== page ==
In the May Masterclass some of you were asking about Joseph and as a result, I've been talking about him a lot more in class recently. Who he was, how he came to devise 'Pilates', if he was still alive. Some of the history is a bit sketchy but for those who don’t know the background here is a brief outline:
Joseph H. Pilates was born on 9 December 1883 in Germany.
As a child he suffered from asthma, rickets and rheumatic fever and it was his drive and determination to overcome these ailments that led him to become a competent gymnast, bodybuilder, boxer, diver and skier.
There are differing accounts of how he came to the UK. One version accounts that he came in 1912 to work as a boxer and self-defence trainer at police schools and with Scotland Yard, another tells that in 1914 he was a circus performer and toured England with his troupe.
During the First World War, he was interned with other German nationals in Lancaster Castle. During this time, he taught his fellow internees wrestling and self-defence and began devising his system of original exercises that later became "Contrology".
He was transferred to another camp on The Isle of Man where he became an orderly in a hospital for internees and worked with patients who were unable to walk. It’s believed he attached bed springs to the hospital beds to help supports the patient’s limbs and rehabilitate them; which lead to the development of his most famous pieces of equipment, known today as the ‘Cadillac’ (named after the car because it was so strong).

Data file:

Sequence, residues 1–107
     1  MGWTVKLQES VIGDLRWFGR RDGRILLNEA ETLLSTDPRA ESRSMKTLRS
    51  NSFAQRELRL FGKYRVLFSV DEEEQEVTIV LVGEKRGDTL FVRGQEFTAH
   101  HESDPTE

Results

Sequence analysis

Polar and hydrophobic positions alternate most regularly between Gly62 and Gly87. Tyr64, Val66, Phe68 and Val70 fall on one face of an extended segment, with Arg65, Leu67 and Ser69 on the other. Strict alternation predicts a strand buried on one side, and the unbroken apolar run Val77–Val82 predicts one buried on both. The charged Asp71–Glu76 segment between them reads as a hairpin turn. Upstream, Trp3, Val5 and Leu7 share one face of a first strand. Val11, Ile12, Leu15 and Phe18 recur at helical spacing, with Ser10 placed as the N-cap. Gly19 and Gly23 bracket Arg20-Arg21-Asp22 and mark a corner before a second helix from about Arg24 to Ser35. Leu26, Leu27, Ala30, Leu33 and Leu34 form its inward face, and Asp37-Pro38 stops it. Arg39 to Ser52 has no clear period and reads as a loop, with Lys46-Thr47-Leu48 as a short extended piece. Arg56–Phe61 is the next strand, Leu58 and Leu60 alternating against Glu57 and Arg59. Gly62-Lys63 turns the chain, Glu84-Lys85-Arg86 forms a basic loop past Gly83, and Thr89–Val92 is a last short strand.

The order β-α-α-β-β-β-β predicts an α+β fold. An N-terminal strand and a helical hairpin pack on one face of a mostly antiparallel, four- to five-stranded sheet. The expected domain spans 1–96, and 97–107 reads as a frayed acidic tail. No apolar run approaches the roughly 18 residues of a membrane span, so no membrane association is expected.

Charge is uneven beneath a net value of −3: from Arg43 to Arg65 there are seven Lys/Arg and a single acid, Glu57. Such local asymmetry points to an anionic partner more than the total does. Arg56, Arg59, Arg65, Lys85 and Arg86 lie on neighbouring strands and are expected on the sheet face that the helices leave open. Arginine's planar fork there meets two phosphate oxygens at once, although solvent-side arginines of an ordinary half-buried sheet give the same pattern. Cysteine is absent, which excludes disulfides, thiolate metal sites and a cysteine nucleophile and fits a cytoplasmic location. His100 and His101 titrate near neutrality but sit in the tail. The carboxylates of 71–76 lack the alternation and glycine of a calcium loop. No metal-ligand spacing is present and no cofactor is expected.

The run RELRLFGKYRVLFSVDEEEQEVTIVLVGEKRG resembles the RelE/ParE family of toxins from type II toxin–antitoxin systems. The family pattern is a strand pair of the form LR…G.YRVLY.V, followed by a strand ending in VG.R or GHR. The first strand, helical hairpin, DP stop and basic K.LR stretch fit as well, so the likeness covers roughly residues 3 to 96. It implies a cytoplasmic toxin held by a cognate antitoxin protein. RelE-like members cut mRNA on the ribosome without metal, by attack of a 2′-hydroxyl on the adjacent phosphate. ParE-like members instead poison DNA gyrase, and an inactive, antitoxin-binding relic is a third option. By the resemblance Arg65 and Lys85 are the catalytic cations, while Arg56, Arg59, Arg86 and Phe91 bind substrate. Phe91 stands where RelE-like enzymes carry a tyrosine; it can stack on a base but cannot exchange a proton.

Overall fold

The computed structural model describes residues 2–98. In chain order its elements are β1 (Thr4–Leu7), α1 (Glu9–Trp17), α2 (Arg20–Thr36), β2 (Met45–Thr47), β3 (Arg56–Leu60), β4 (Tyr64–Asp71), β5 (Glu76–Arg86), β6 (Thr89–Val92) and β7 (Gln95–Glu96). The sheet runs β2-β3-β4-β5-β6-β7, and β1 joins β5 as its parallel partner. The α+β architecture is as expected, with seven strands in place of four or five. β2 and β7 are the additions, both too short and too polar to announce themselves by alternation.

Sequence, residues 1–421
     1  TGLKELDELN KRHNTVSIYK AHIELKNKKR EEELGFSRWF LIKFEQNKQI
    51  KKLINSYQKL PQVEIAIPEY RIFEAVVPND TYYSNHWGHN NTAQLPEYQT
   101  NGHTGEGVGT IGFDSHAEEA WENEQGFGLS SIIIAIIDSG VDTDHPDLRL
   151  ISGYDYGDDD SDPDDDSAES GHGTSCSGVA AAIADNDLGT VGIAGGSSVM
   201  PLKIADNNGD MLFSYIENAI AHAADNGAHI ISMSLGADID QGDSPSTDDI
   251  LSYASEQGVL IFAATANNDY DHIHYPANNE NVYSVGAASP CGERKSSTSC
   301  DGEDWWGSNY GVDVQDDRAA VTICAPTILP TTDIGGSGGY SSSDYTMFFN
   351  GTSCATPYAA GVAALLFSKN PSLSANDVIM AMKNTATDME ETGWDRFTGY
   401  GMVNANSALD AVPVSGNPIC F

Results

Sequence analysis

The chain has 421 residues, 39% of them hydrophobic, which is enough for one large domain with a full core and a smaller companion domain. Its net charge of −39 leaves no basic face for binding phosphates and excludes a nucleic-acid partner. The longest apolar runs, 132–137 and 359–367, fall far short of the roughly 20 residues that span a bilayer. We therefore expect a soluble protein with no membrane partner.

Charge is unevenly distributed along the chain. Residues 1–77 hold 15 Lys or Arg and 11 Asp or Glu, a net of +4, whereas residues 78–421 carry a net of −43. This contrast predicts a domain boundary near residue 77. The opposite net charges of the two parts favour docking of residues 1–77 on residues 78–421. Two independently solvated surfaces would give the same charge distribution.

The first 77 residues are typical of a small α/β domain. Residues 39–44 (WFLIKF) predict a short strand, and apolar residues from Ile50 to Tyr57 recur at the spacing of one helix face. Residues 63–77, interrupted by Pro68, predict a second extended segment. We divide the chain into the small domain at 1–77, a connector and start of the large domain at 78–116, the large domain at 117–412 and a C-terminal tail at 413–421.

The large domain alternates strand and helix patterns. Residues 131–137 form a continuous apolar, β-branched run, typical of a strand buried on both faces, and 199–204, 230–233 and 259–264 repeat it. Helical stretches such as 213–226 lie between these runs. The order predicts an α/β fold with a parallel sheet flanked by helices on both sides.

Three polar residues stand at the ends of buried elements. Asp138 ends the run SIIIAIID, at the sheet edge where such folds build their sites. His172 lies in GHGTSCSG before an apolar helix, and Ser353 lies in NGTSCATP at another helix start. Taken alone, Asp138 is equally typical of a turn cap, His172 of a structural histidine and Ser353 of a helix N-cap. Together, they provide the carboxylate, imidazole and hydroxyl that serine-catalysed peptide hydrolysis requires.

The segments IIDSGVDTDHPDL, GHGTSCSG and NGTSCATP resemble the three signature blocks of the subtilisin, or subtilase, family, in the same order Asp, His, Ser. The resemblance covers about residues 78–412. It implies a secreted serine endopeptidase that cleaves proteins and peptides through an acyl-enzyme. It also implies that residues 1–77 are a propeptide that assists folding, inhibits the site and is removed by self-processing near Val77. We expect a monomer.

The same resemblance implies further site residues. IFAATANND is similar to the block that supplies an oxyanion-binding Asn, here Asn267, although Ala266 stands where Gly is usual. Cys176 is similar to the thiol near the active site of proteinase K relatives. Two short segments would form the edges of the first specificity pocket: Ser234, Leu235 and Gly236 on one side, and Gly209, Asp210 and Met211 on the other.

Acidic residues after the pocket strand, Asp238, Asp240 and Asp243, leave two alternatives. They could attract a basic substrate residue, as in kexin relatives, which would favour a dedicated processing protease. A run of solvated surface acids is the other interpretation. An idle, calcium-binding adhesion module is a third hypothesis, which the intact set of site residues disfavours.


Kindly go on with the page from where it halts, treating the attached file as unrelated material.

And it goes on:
After the war, he returned to Germany and began training the Hamburg Military Police in self-defence and physical training as well as taking on personal clients.
In 1925, he was invited to train the New German Army but because he was not happy with the political direction of Germany he decided to leave.
He emigrated to the US and on the crossing, he met his future wide Clara. Together they founded a studio in New York to teach Joe’s body conditioning method, then known as ‘Contrology’.
‘Contrology’ encouraged the use of the mind to control muscles, focusing attention on core postural muscles that help keep the body balanced and provide support for the spine. The work was based on three principles; breath, whole-body health and whole-body commitment with the whole-body encompassing mind, body and spirit.
The studio featured much of the equipment Joe has designed for his rehabilitation work and soon word spread. The studio became very popular with the dance community, offering the chance to improve technique or recover from injury.
In 1932, Joe published a booklet called “Your Health” and followed this in 1945 with the book ‘Return to Life Through Contrology’.
Although Joe was a health guru, he believed in fitness supported your lifestyle. Apparently, he was fond of cigars and whiskey (everything in moderation!)
Joe died in 1967 at the age of 83. After his death, his teachings became known as the Pilates Method. Joe and Clara had a number of disciples who had trained in the studio and continued to teach their own variations of the method.
Alan Herdman bought the Pilates Method to the UK in 1970, after being invited to New York to train with Carola Trier and Bob Fitzgerald, two instructors who had been trained by Joe himself.